The trial was the first to test this vaccine candidate, which is designed to block the malaria parasite from entering human blood cells, in a malaria-endemic country. Based on these promising results, the research team is now conducting trials of this vaccine in 400 Malian children aged 1 to 6 years.
Malaria is a leading killer in Africa and other developing countries, claiming more than 1 million lives each year, most of them children.
Lead investigator Mahamadou A. Thera M.D., MPH, and 16 other co-authors of the newly published study are based at the Malaria Research and Training Center at the University of Bamako, Mali. The National Institute of Allergy and Infectious Diseases (NIAID), part of the National Institutes of Health, supported the trial and helps fund the Center. University of Maryland School of Medicine researcher Christopher Plowe, M.D., MPH, was the co-leader of the study.
The trial enrolled volunteers living in Bandiagara, a rural town in northeast Mali with a heavy burden of malaria. In this relatively dry region, almost no new infections occur during the driest month of the year, March, but people typically get up to 60 malaria-transmitting mosquito bites per month in August and September, when the rainy season peaks.
A total of 60 participants were assigned at random to receive either a full or half-dose of the candidate malaria vaccine or a licensed rabies vaccine, which served as a control. Each volunteer received three injections, spaced one month apart. Injections began in late December 2004, at the end of the malaria transmission season. As expected, all volunteers had significant levels of antibodies against malaria parasites detectable in their blood at the beginning of the trial, signaling that they had prior exposure to malaria parasites.
Those who received the candidate vaccine tolerated it very well and experienced a significant boost (up to a sixfold rise) in levels of vaccine-specific antibodies, while those who received the rabies vaccine had declining levels of antibodies as the rainy season receded.
Other collaborators included scientists from Walter Reed Army Institute of Research, Silver Spring, Maryland; the U.S. Agency for International Development, Washington, DC; and GlaxoSmithKline Biologicals, in Rixensart, Belgium.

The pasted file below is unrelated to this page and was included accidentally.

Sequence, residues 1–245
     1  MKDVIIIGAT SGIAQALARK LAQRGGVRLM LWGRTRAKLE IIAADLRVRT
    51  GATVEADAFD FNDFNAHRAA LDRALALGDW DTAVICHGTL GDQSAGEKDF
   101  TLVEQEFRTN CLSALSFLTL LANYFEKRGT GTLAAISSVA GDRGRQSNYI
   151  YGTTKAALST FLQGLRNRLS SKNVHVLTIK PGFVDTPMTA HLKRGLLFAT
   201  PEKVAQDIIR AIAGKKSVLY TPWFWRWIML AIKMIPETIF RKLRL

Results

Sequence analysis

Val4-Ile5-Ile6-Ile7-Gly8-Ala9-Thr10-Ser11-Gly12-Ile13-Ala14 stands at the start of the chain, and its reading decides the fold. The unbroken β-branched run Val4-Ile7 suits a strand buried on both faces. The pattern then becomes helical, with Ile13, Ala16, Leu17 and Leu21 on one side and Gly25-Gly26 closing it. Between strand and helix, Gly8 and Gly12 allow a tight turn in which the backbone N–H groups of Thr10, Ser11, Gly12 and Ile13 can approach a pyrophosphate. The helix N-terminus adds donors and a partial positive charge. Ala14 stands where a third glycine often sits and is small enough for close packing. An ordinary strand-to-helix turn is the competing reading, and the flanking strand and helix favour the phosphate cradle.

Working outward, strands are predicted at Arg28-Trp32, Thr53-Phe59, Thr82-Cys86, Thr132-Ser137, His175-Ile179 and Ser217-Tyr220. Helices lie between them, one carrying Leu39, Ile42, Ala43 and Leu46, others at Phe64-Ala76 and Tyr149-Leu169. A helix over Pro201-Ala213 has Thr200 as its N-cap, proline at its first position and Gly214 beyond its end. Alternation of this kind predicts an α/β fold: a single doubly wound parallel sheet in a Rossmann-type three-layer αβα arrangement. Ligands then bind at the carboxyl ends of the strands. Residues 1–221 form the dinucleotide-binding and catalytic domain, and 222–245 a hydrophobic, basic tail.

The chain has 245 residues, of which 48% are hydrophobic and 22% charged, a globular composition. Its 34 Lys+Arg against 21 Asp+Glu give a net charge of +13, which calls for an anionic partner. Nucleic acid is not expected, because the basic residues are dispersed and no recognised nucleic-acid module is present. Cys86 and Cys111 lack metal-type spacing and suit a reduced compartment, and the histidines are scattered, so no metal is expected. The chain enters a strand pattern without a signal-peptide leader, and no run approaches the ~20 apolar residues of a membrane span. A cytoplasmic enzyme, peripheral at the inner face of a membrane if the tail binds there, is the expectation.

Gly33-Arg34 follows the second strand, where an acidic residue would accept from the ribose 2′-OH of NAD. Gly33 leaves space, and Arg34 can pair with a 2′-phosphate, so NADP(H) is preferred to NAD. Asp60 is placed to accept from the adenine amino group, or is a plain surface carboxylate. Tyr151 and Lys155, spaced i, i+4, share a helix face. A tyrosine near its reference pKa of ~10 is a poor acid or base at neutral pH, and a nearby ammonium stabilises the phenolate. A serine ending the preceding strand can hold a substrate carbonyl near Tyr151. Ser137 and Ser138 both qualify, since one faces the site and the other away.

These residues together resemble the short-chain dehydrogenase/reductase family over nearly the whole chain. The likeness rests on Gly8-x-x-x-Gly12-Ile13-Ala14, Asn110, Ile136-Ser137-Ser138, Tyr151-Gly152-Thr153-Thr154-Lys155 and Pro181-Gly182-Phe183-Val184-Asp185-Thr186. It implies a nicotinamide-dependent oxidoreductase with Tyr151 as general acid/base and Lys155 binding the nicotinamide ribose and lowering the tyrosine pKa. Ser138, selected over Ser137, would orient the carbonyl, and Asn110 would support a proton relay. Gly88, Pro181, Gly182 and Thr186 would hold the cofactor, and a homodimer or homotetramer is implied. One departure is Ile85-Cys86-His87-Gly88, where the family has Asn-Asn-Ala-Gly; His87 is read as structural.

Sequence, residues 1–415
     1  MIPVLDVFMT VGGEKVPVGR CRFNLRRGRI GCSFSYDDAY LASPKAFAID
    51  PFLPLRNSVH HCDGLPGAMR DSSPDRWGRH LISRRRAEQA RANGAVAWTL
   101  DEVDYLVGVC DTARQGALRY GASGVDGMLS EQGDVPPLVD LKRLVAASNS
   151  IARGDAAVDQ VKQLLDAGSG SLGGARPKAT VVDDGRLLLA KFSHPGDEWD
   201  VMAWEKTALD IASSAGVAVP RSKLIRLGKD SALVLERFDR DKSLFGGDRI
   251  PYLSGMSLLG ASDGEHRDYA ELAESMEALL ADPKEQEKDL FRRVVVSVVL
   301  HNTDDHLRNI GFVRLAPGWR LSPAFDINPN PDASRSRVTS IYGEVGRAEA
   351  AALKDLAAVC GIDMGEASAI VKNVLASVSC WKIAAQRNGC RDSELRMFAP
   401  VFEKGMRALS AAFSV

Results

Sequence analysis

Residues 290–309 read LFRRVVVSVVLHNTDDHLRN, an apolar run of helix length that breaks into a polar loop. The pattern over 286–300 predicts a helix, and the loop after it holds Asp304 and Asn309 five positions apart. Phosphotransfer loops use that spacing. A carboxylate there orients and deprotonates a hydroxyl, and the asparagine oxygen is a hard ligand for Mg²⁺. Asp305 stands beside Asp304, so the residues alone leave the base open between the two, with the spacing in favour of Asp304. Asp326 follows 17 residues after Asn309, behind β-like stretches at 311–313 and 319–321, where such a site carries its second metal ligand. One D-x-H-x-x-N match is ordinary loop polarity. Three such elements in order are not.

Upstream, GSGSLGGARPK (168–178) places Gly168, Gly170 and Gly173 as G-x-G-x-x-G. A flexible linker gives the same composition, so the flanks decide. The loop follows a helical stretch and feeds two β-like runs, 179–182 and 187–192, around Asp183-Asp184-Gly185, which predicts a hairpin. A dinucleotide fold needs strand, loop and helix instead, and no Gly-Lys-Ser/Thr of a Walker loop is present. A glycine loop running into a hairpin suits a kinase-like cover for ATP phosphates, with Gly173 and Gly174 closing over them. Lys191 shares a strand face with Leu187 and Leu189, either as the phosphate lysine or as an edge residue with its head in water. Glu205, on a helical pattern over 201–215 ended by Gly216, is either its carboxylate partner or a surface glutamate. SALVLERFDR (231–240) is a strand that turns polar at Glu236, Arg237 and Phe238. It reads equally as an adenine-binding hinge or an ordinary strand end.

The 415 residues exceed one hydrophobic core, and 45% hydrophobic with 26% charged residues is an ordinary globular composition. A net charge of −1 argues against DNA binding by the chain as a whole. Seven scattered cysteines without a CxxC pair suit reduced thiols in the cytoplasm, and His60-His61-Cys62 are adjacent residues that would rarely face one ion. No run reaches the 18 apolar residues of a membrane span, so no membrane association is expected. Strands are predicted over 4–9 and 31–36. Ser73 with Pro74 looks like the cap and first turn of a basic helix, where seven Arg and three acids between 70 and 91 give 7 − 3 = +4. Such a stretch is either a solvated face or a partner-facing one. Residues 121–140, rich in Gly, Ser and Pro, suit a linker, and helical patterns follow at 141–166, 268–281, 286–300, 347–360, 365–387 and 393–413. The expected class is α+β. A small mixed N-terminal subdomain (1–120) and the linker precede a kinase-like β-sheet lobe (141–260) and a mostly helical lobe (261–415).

ARTICLE: MA Thera et al. Safety and immunogenicity of an AMA-1 malaria vaccine in Malian adults: Results of a Phase 1 randomized controlled trial. PLoS ONE DOI: 10.1371/journal.pone.0001456 (2008). The paper will be available from the journal after 8 pm. ET Jan. 22, 2008 at: http://www.plosone.org/doi/pone.0001465
WHO: Anthony S. Fauci, M.D., Director, NIAID, and Lee Hall, M.D., Ph.D., Chief, NIAID Parasitology and International Programs Branch, are available to discuss this research and NIAID’s research projects in malaria vaccine development.
CONTACT: To schedule interviews, contact Anne A. Oplinger in the NIAID Office of Communications and Government Relations at 301-402-1663 or email@example.com.
NIAID is a component of the National Institutes of Health. NIAID supports basic and applied research to prevent, diagnose and treat infectious diseases such as HIV/AIDS and other sexually transmitted infections, influenza, tuberculosis, malaria and illness from potential agents of bioterrorism. NIAID also supports research on basic immunology, transplantation and immune-related disorders, including autoimmune diseases, asthma and allergies.
The National Institutes of Health (NIH)--The Nation's Medical Research Agency--includes 27 Institutes and Centers and is a component of the U. S. Department of Health and Human Services. It is the primary federal agency for conducting and supporting basic, clinical and translational medical research, and it investigates the causes, treatments and cures for both common and rare diseases.
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